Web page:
Authors: Jinho Choi, Senior Specialist and Jae Young Lee, Group Head and Lead Economist
After being postponed in 2015 and 2017, Japan’s consumption tax was finally raised from eight to ten percent in October 2019. Most food items are exempted.
This long delay was mainly due to concerns that the tax hike could trigger a sharp economic contraction, similar to what happened in 1997 and 2014.
The previous painful experience prompted the world’s third-largest economy to employ measures to minimize demand fluctuations this time round.
To relieve the financial burden faced by households, the government pledged nearly half of the extra revenue to fund social welfare programs, including early childhood education.
Consumers were eligible for temporary rebates on purchases made using electronic payments, while low-income and households with children aged up to three and half years were eligible to purchase vouchers at a discount to pay for goods and services at stores and hospitals.
Impact on private consumption less severe
How different was the impact of the 2019 consumption tax hike from previous tax hikes?
GDP data suggests that the impact of the recent tax hike on private consumption was less severe than that of the 2014 tax hike, with smaller fluctuations in consumption.
Compared to the tax hikes in 1997 and 2014, consumption did not spike as much before the tax was raised in October 2019. Subsequently, consumption contracted by 2.9 percent over the October-December period in 2019, the first quarter following the tax hike. The decline was 4.8-percent during the April-June period in 2014.
Consumption was also adversely affected by supply disruptions due to the typhoons last October; otherwise, the decline in consumption would have been even smaller.
Compared to 2014, the swing in private consumption was less than in 2019, partly due to a modest increase in last-minute spending (Figure 1).
After the tax hike, consumption of durable goods such as automobiles and household electrical appliances slid as sharply as in the 2014 tax hike, while semi- and non-durable goods consumption declined less severely, partly due to the unchanged tax rate on food and beverages. Services consumption remained less volatile in Q3-Q4 2019 around the tax hike (Figure 2).
Overall, the government’s countermeasures succeeded in managing demand fluctuations to some extent.
Rebound disrupted by the COVID-19
The sudden outbreak of the COVID-19 derailed the recovery in domestic demand. The implementation of containment measures disrupted and weakened economic activities. As a result, Japan’s services consumption dove further in Q1 2020, the second quarter following the tax hike, leading to a 0.7-percent contraction in private consumption (Figure 1, 2).
Consumer sentiment plummeted to an unprecedented level in April. Retail sales growth dipped into the negative territory again in March and plunged deeper in April, caused by the declaration of a nationwide state of emergency (Figure 3).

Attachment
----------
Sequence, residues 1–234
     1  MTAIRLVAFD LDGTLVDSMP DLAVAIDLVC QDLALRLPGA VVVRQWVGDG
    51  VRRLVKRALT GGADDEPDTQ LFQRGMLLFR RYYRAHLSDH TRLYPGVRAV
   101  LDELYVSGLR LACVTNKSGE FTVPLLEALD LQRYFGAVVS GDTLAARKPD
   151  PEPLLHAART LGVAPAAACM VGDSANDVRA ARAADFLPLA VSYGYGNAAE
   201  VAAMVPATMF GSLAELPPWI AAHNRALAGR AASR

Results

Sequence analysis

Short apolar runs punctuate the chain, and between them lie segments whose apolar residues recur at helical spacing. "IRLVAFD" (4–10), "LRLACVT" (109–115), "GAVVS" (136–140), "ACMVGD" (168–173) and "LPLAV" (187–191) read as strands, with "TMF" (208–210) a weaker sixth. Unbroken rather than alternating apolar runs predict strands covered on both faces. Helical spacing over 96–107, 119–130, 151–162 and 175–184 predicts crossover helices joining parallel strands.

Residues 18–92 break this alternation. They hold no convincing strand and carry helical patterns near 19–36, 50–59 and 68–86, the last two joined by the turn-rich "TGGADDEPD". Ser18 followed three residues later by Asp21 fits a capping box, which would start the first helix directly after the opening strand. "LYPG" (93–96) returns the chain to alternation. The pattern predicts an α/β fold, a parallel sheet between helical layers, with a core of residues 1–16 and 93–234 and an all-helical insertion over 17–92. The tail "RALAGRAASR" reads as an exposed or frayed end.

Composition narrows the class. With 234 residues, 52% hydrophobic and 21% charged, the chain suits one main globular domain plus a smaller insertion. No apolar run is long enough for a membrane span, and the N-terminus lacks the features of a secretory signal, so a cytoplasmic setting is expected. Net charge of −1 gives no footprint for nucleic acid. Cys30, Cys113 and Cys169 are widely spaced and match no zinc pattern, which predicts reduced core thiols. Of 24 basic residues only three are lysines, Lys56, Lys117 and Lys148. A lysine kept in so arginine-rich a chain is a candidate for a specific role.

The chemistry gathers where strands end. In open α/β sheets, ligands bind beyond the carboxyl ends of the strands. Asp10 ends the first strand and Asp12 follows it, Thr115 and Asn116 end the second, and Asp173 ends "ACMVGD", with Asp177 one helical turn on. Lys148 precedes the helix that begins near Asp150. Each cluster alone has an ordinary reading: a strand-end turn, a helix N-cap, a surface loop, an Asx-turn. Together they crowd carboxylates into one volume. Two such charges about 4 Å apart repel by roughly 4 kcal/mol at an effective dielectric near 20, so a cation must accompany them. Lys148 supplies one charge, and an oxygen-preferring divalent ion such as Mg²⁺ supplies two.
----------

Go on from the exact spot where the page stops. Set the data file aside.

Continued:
Against this backdrop, the ASEAN+3 Macroeconomic Research Office recently cut the 2020 growth forecast for Japan to -5.7 percent.
Was the tax hike implemented at the wrong time, given Japan’s struggles to avoid a prolonged recession?
We do not think that was the case.
No analyst, economist or policymaker can guarantee an optimal timing, ex-ante. A postponement in the consumption tax hike yet again would have made it extremely difficult to implement in the foreseeable future.
How can Japan ride out this economic storm?
Against the backdrop of a recession, global pandemic, and trade tensions, the so-called Abenomics’ “three arrows” of monetary easing, fiscal stimulus and structural reforms have a lot to do to revitalize the economy.
Firstly, the Bank of Japan’s (BOJ’s) easy monetary policy should be maintained under the current framework of massive asset purchases with yield curve control.
Despite the narrowed policy space, the BOJ should stand ready to ease further if necessary. It should make sure to support smooth financial intermediation for businesses. The BOJ’s monetary policy communication remains vital with its strong forward guidance.
Secondly, fiscal policy can be used flexibly and skilfully.
Formulating massive economic relief packages to support those affected by the pandemic is inevitable. Well-targeted spending and swift implementation toward vulnerable households and industries are essential for the efficacy of the packages.
Once the pandemic subsides, the government needs to recalibrate its fiscal consolidation plan to revive the long-term fiscal sustainability.
As the COVID-19 pandemic exposes weaknesses in the Japanese economy, the third arrow of structural reform should be accelerated to address these challenges.
A recent survey by the Japan Association for Chief Financial Officers revealed that workers in 40 percent of Japanese companies continued to return to the office to seal paperwork with their personal stamps (“hanko”) while telecommuting. In the midst of chaos, there is also opportunity. Digitalization of the economy should be prioritized to deregulate remote medical consultations, support telecommuting, and promote e-commerce, e-learning, e-government and other online services.
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